Harvey isn't alone, as the gap widens between the few households who don't have to worry about a comfortable retirement and everyone else. The anxiety even stretches across political affiliations. Nearly equivalent percentages of Democrats and Republicans say they're not managing very well in retirement planning, a recent survey from Lincoln Financial found.

The looming crisis is the result of a system that's increasingly put workers in charge of saving for and managing their own retirement. Because the U.S. households at the top have reaped most of the income gains over the last decade — and because they have disproportionately more access to retirement plans to begin with — experts say the gap in retirement savings is only growing wider. They're expecting to see more elderly Americans working longer, moving in with their kids and tapping assistance programs.

"Only the privileged have access to a secure retirement," says Teresa Ghilarducci, a labor economist at the New School for Social Research.

THE INCOME DIVIDE

It's easier to save when you're making more money, and the vast majority of the income gains have gone to the top in recent years.

The top 10 percent of U.S. households made more than $162,180 last year, up 6 percent from a decade earlier after adjusting for inflation. For middle-income Americans, incomes have barely stayed ahead of inflation. Lower-income households are making less than a decade ago.

The benefit of making more money goes beyond having more to save. Higher-income households also get a bigger after-tax benefit from putting money into a 401(k) or another tax-advantaged account.

With traditional pensions increasingly becoming extinct, it's grown even more important for Americans to save. Meanwhile, Social Security — the last line of defense for many retirement plans — is at risk of having enough money to pay only 79 percent of benefits, starting in 2034.

ACCESS TO PLANS

The death of the traditional pension means the burden is on us to save, and that's why access to 401(k) and other retirement plans is so important.

Most lower-income households will save when they have access to a retirement plan. The problem is that most don't get the opportunity.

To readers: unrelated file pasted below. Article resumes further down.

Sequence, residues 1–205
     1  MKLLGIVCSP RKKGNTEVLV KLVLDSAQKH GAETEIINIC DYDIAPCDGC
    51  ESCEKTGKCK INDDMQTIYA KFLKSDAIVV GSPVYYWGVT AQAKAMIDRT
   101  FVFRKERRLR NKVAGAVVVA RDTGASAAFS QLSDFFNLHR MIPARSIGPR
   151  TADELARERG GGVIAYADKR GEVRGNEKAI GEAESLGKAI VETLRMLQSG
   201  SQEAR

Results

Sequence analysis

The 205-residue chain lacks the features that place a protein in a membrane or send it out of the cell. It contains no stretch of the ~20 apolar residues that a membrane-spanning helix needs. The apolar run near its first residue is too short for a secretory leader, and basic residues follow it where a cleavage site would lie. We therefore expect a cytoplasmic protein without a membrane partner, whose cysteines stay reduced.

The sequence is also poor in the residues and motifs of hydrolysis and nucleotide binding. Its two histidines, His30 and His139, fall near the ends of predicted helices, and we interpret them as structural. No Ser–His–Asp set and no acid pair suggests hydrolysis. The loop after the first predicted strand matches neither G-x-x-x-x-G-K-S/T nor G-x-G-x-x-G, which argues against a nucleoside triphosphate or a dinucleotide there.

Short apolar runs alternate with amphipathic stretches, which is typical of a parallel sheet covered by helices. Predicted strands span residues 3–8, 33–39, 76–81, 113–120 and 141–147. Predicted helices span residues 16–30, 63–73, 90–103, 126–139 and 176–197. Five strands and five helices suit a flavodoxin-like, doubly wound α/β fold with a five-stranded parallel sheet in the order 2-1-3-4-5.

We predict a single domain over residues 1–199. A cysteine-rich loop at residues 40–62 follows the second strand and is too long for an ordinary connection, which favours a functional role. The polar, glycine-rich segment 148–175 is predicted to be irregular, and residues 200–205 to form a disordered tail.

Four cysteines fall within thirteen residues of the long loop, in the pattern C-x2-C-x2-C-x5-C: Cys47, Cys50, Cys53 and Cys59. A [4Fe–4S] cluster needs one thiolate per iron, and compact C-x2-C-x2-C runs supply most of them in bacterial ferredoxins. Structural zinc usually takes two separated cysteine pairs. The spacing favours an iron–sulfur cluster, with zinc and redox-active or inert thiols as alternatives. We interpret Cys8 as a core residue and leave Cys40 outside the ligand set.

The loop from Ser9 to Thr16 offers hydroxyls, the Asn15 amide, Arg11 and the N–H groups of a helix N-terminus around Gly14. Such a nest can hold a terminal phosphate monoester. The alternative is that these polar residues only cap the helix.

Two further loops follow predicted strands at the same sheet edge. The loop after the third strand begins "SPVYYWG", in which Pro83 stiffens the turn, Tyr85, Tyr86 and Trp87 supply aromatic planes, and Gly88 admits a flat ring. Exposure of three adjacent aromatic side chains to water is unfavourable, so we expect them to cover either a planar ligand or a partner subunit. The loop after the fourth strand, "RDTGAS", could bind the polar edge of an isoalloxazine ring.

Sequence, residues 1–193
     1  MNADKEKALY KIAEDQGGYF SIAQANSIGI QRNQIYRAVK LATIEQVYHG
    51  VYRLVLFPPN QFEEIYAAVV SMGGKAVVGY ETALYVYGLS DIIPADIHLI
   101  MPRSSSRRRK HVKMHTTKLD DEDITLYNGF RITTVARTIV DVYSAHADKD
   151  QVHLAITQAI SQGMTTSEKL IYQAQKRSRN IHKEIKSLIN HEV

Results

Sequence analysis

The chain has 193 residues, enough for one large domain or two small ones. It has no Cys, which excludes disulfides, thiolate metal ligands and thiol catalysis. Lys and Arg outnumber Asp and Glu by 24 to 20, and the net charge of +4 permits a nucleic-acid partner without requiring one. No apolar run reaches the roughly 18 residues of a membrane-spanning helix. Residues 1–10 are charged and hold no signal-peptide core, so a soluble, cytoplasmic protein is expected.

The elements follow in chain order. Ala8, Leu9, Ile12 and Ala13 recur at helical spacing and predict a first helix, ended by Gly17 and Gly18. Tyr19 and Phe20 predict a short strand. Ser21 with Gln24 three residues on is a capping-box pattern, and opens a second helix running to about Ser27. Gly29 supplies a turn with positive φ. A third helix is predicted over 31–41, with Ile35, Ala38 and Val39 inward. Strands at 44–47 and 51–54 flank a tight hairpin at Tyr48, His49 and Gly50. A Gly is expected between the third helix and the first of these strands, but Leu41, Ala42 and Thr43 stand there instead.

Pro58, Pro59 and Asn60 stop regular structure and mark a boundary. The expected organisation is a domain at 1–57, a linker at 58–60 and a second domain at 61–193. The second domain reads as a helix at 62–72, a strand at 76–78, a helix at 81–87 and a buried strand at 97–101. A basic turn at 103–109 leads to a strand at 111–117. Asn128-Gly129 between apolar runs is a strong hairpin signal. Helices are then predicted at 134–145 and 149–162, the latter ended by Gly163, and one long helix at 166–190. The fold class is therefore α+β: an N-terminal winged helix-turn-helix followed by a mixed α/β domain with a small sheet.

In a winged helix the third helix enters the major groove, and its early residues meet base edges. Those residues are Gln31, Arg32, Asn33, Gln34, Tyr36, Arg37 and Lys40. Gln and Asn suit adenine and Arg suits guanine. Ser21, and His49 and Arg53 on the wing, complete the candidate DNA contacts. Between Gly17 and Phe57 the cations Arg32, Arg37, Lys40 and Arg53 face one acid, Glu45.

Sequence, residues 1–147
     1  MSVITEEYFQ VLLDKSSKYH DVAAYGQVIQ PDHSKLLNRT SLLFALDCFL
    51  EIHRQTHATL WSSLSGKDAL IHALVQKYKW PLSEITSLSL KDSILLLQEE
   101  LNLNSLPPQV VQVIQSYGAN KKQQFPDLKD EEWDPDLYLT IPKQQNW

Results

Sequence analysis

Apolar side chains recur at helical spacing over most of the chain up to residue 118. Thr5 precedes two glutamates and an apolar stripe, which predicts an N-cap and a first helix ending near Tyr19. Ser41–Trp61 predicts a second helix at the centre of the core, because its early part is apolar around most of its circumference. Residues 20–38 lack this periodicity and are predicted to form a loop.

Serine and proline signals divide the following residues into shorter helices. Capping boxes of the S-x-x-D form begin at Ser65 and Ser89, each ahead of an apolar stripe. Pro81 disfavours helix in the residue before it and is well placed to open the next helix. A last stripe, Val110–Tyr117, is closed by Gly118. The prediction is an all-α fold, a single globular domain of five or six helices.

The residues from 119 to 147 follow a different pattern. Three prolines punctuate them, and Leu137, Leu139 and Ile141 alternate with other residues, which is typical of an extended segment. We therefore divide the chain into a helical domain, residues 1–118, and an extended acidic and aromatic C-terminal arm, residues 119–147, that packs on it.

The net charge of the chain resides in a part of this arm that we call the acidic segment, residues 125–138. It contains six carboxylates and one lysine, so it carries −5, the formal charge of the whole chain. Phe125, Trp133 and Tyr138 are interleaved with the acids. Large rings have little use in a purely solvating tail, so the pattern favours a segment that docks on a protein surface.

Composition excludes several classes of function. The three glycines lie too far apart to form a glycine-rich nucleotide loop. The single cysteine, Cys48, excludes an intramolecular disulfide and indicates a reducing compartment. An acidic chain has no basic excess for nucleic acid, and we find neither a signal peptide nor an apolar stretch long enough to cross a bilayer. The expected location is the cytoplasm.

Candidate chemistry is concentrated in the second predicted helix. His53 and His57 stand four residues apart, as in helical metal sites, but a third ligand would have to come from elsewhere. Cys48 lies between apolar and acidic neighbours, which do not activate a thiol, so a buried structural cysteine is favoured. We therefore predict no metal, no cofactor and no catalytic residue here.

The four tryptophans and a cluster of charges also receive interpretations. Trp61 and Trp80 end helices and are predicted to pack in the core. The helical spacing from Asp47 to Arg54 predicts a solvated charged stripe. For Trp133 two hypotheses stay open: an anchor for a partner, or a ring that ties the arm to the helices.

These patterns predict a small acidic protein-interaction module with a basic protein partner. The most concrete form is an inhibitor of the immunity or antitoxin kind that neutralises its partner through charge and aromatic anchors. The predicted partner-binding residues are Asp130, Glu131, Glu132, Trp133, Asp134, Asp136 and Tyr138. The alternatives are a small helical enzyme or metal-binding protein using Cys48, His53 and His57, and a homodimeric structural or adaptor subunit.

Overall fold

Eighty percent of high-income working households have access to a 401(k) or similar defined-contribution plan, according to the U.S. Government Accountability Office. For low-income working households, it's just 35 percent.

The low retirement balances mean the majority of households — 52 percent — are at risk of having to cut their spending by more than 10 percent after entering retirement, according to the Center for Retirement Research at Boston College.

"For an upper-middle class person, not being able to maintain their standard of living means fewer trips," says Alicia Munnell, the center's director. "But for lower-income people, it can really mean depriving themselves."

POSSIBLE SOLUTIONS

To help close the gap, states are trying their own measures. California recently passed a law requiring employers to automatically enroll their workers in a state-run program and deduct money from each paycheck.

Experts prefer a broader fix from the federal government but call the state programs an encouraging step. In the meantime, many workers are simply working longer.

David Tucker is 74 and still waking at 1:15 each morning to get to his job as a skycap at Reagan National Airport outside Washington, D.C.

He says he may consider retiring next year or cutting down to a few days per week. And what would he look forward to in retirement?

"I would like to feel what it's like to wake up and not go to work," he says. "For a while, that's all I would like to do. I wouldn't worry about anything else."

 

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EDITOR'S NOTE — This is part of Divided America, AP's ongoing exploration of the economic, social and political divisions in American society.

AP Data Journalist Angeliki Kastanis and AP Business Writers Joseph Pisani and Sarah Skidmore Sell contributed to this report.